Early in my vegetable gardening career, I planted in rows, usually about 18 inches apart, which gave us room to walk between the rows. I’ve come to learn that arrangement is an inefficient use of space. For the past few decades, I’ve adapted the method of square-foot gardeners. Instead of a single narrow row, I loosen soil in a row that runs about a foot wide and the whole length of the garden, 50 feet or so in my case. I plant the seeds about an inch apart from each other all along that foot-wide row. This method lets you plant a dozen seeds in not much more space than used for a single-seed row.

The carrots, however, I grow in the cold frame (basically a box — with a clear plastic or glass top and sometimes clear sides, as well — that acts like a tiny greenhouse) that I have moved from the now well-sprouted lettuce. I remove the plastic from the top, leaving just the screen. In our yard, something eats the baby carrots, so they need protection.

Potatoes are a signature crop for Maine. They take some physical work but no particular skill. Dig a trench four to six inches deep, piling the removed soil neatly beside the trench. Cut your seed potatoes so there are two eyes per piece, and cover them. Just as you did with the asparagus, cover the pieces as soon as the sprouts show above the soil. Keep it up until there is a hill of about six inches where the potatoes are growing.

The key to enjoying home-grown potatoes is to grow something instead of, or in addition to, the standard Kennebec and Yukon Gold, which you can easily buy at the supermarket or at farmers markets. Grow fingerlings, as well as potatoes that are red, blue and purple.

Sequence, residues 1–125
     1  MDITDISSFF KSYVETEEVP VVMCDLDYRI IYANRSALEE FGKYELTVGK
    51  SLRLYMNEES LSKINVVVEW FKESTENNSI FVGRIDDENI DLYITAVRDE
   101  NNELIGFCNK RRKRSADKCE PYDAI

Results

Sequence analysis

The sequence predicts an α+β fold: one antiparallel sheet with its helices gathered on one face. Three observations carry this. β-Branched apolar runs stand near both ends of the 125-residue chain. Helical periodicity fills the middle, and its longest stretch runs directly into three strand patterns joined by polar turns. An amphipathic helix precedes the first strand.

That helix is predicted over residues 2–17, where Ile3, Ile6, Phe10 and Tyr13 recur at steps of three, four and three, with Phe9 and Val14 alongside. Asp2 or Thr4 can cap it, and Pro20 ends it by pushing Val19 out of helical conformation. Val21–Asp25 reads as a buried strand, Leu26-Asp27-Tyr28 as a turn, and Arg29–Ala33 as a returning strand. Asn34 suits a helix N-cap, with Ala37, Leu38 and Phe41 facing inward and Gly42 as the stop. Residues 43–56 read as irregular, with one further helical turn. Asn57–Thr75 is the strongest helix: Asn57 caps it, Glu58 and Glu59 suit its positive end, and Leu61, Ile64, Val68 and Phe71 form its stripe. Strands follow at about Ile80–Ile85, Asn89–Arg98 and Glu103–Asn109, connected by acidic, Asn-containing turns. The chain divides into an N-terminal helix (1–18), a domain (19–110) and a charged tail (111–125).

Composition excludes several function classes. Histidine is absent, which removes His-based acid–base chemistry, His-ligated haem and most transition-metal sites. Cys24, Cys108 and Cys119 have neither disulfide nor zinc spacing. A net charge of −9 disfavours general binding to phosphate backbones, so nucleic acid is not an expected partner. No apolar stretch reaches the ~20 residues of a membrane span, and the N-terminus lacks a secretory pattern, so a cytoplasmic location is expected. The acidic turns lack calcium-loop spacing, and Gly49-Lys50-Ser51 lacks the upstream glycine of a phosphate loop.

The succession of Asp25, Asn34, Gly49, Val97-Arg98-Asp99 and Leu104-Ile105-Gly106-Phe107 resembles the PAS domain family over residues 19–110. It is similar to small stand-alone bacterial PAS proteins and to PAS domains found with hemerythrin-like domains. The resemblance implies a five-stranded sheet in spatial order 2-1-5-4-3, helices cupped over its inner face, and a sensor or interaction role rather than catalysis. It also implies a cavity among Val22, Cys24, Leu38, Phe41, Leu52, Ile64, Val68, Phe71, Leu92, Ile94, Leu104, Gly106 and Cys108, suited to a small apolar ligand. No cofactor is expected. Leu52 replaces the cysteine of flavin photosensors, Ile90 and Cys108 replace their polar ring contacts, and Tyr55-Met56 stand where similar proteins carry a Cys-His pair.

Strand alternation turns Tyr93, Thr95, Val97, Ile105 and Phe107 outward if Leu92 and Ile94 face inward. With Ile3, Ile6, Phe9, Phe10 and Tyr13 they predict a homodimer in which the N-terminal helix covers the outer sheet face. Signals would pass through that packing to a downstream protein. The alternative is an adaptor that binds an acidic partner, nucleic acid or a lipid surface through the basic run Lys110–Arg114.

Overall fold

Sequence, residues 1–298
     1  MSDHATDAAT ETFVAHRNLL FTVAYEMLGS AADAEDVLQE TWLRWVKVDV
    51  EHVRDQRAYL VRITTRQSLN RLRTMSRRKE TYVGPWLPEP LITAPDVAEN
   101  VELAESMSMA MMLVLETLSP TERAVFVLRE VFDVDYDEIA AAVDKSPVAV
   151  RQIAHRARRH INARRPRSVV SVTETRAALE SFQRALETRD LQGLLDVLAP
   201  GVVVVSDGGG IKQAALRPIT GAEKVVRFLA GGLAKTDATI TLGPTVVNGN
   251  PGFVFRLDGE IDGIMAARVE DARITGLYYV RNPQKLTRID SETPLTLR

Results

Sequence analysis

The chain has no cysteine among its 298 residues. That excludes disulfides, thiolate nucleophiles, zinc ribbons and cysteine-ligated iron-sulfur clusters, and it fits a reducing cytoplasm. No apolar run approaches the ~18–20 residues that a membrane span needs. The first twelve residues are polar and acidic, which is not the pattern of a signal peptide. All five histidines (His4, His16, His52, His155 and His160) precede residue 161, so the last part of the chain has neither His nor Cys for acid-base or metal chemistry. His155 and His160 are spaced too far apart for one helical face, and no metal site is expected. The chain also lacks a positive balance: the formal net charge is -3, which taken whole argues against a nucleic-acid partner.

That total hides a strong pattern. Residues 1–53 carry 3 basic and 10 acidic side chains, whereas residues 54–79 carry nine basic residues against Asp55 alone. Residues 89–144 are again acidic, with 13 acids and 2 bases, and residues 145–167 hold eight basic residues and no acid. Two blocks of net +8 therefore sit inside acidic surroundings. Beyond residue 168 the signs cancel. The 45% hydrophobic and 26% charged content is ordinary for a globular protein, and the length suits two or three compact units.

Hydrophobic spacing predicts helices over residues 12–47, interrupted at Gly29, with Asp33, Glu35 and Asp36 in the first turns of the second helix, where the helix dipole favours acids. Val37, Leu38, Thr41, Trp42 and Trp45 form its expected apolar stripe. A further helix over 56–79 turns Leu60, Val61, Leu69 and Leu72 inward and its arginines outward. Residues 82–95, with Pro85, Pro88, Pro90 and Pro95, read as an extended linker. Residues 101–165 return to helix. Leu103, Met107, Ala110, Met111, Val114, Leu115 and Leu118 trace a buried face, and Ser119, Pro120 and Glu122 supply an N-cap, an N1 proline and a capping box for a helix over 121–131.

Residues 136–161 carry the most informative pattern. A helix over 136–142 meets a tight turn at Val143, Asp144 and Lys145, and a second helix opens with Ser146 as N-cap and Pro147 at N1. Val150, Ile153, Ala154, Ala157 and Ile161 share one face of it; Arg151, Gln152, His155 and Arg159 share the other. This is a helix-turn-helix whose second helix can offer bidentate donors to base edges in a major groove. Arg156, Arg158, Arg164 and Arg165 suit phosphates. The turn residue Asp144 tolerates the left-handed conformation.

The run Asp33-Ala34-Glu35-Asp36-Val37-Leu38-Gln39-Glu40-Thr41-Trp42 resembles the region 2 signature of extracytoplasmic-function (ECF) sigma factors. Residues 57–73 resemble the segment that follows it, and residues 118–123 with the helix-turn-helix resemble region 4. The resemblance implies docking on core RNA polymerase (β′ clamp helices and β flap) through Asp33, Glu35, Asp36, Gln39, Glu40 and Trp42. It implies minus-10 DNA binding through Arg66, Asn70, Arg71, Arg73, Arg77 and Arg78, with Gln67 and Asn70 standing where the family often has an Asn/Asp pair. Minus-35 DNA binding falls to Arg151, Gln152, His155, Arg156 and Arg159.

Early May

Be forewarned: Onion seedlings are labor intensive, at least in the manner I have developed.

Early on as a gardener, I planted dry onion sets (small onions that plant dealers have kept dry and dormant from the previous year) in regular rows, and was rewarded with onions that were at most an inch in diameter. I felt like a failure when farm stands and gardening friends produced onions the size of a baby’s head (OK, maybe only as big as a cat’s head). A friend suggested I try onion seedlings. He recommended Dixondale Farms in Texas. I tried them and they worked well, but now I like to buy locally so recommend the three Maine standbys – Johnny’s, Fedco and Pinetree – which all carry onion seedlings.

Using seedlings helped, but I didn’t get big onions until I started using landscape fabric. Onions like warm soil and hate pressure from weeds. The black landscape fabric (or black plastic mulch) helps with both. The landscape fabric – which I store over the winter – is about two feet wide, and I have cut holes in it about six inches apart, where I put in the plants. I use wire pins (you can buy the pins or cut up wire coat hangers and bend the pieces into a U-shape) to hold down the fabric. The fabric keeps the plants weed-free yet lets water reach the onion roots.

I plant sweet onions, which don’t store well but can get huge; keeping onions, which are smaller but can be stored until early March the following year; and leeks. I fertilize when I plant and about once a month after that.


This is enough to keep you busy for the next few weeks. Look for my May 23 column, when I’ll tell you about warmer-weather crops. I’m looking forward to applying sunscreen and wearing short-sleeved shirts by then.

Tom Atwell is a freelance writer gardening in Cape Elizabeth. He can be contacted at: [email protected]